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The spatiotemporal gradient of intrusion errors in continuous outcome source memory: Source retrieval is affected by both guessing and intrusions.

Authors
  • Zhou, Jason1
  • Osth, Adam F2
  • Smith, Philip L2
  • 1 Melbourne School of Psychological Sciences, The University of Melbourne, Australia. Electronic address: [email protected]. , (Australia)
  • 2 Melbourne School of Psychological Sciences, The University of Melbourne, Australia. , (Australia)
Type
Published Article
Journal
Cognitive Psychology
Publisher
Elsevier
Publication Date
Mar 01, 2023
Volume
141
Pages
101552–101552
Identifiers
DOI: 10.1016/j.cogpsych.2023.101552
PMID: 36867946
Source
Medline
Keywords
Language
English
License
Unknown

Abstract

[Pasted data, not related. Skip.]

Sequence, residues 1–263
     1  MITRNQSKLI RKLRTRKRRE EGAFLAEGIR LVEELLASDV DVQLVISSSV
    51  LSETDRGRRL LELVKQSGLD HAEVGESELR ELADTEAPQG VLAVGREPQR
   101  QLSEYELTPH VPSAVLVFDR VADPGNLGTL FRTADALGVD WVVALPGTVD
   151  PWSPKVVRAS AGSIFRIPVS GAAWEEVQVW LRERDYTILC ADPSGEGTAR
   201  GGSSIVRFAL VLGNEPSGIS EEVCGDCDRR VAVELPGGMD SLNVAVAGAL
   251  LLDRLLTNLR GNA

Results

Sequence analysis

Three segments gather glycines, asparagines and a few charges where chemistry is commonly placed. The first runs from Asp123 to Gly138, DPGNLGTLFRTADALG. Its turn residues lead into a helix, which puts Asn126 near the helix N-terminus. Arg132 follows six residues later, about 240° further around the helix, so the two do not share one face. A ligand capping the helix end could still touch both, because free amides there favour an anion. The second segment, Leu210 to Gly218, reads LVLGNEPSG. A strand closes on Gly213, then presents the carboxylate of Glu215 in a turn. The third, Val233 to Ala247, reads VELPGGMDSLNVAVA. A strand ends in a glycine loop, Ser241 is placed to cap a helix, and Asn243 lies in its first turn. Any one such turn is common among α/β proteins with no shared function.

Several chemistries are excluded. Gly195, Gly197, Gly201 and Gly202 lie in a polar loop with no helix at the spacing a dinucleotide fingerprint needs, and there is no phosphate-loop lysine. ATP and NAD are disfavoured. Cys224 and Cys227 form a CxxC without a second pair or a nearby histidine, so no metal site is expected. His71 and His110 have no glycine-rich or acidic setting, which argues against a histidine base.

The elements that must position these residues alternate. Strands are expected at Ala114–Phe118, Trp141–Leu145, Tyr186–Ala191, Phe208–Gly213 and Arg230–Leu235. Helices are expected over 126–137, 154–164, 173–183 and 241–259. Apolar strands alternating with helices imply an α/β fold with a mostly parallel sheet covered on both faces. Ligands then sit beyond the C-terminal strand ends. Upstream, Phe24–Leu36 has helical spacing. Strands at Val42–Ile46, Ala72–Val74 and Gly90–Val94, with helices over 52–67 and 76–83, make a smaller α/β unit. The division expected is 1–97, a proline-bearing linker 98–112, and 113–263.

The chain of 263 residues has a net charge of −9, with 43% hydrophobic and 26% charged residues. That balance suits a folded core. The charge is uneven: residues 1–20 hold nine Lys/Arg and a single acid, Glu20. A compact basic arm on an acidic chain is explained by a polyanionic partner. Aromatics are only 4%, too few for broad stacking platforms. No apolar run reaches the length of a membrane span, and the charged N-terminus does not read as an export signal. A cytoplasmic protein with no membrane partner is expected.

Previous research has characterized source retrieval as a thresholded process, which fails on a proportion of trials and leads to guessing, as opposed to a continuous process, in which response precision varies across trials but is never zero. The thresholded view of source retrieval is largely based on the observation of heavy tailed distributions of response errors, thought to reflect a large proportion of "memoryless" trials. In this study, we investigate whether these errors might instead reflect systematic intrusions from other list items which can mimic source guessing. Using the circular diffusion model of decision making, which accounts for both response errors and RTs we found that intrusions account for some, but not all, errors in a continuous-report source memory task. We found that intrusion errors were more likely to come from items studied in nearby locations and times, and were well-described by a spatiotemporal gradient model, but not from semantically or perceptually similar cues. Our findings support a thresholded view of source retrieval but suggest that previous work has overestimated the proportion of guesses which have been conflated with intrusions. Copyright © 2023 Elsevier Inc. All rights reserved.

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